To make a long story short, my husband researches EVERYTHING before he buys something new. I mean it. If I mention I’m thinking of switching brands of toothpaste, it takes him a good six months to do the research before it’s even allowed inside the house. As a result, he experienced an enormous amount of anxiety when it came time to buy our first digital camera, the device that would document the birth of our only child. By the time he made the final decision and purchased the camera, the birth of our son was just a few days away. After spending Christmas with my parents and taking the very first photos with the camera, we printed them off as soon as we got home. The first few pictures that came through the printer looked spectacular. The high quality prints and the clear images confirmed that his choice of cameras was a good one.
But then something weird happened.
The last photo to print was of my husband and I just before we left my parents earlier that evening. Unfortunately, in that particular picture, a bright yellow spot loomed just above my head in the upper right hand corner of the photo. If I hadn’t known better, I would’ve thought it was an overexposed or underdeveloped picture from the old days when we used to have to twist flashcubes into the tops of cameras and drop off rolls of film at the store to have them developed. And even though I immediately shared my worry that there was something very wrong with the camera, much to my astonishment, my husband just stared at me bewilderedly for a few seconds and then changed the subject. That’s right. The man who’d spent close to four full months researching cameras to find just the right one could have cared less about the fact that our new $400 camera was clearly defective. I was shocked at his lack of concern, but after asking him a few more times (to no avail) why he wasn’t worried that the yellow mark might appear in other photos, I suddenly remembered that there was some left over coconut cream pie waiting for me in the fridge. So, like any other red blooded, gigantic pregnant woman wearing horizontal stripes at the peak of her pregnancy would do, I gave up and frantically waddled like heck to the kitchen in search of the pie. Later, when describing that moment to others, my husband would describe me as looking more like a frenzied child on Christmas morning making her way to a huge pile of presents than a 33 year old woman only three days away from giving birth.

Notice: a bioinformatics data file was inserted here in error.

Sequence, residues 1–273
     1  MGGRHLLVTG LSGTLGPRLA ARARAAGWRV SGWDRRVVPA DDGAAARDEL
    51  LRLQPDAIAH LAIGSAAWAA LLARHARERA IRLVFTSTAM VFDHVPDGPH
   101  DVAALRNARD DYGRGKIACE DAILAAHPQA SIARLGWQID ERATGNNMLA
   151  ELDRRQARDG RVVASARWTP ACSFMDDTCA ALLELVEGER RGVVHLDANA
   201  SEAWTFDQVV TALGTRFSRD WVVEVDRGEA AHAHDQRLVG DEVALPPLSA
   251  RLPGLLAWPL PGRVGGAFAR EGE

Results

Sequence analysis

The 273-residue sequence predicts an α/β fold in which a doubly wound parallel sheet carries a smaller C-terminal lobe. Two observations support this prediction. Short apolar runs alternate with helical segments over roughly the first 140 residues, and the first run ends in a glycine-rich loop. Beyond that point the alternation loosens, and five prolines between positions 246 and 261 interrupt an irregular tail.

Even so, that’s when it hit me.
No. Not the pie. The reason my husband had looked at me with such a baffled expression and hadn’t appeared bothered when I’d expressed concern over the malfunctioning camera. For it wasn’t a problem with any kind of exposure to light or a darkroom error. And it most certainly wasn’t the fault of a flashcube, printer ink, poor focus on the part of the camera operator, or any other plausible cause.
The yellow spot…the brightly shining blotch that appeared just above my head in that festive holiday photo was, in fact, the star on the top of the Christmas tree in my parents’ living room. The very same Christmas tree that could not be seen in the photo because it was blocked from view by me and my horizontal stripes.
Go ahead. Take it all in, I dare you. And while you’re at it, I’m going to go ahead and bet that not a single one of you is saying, “Been there, done that.”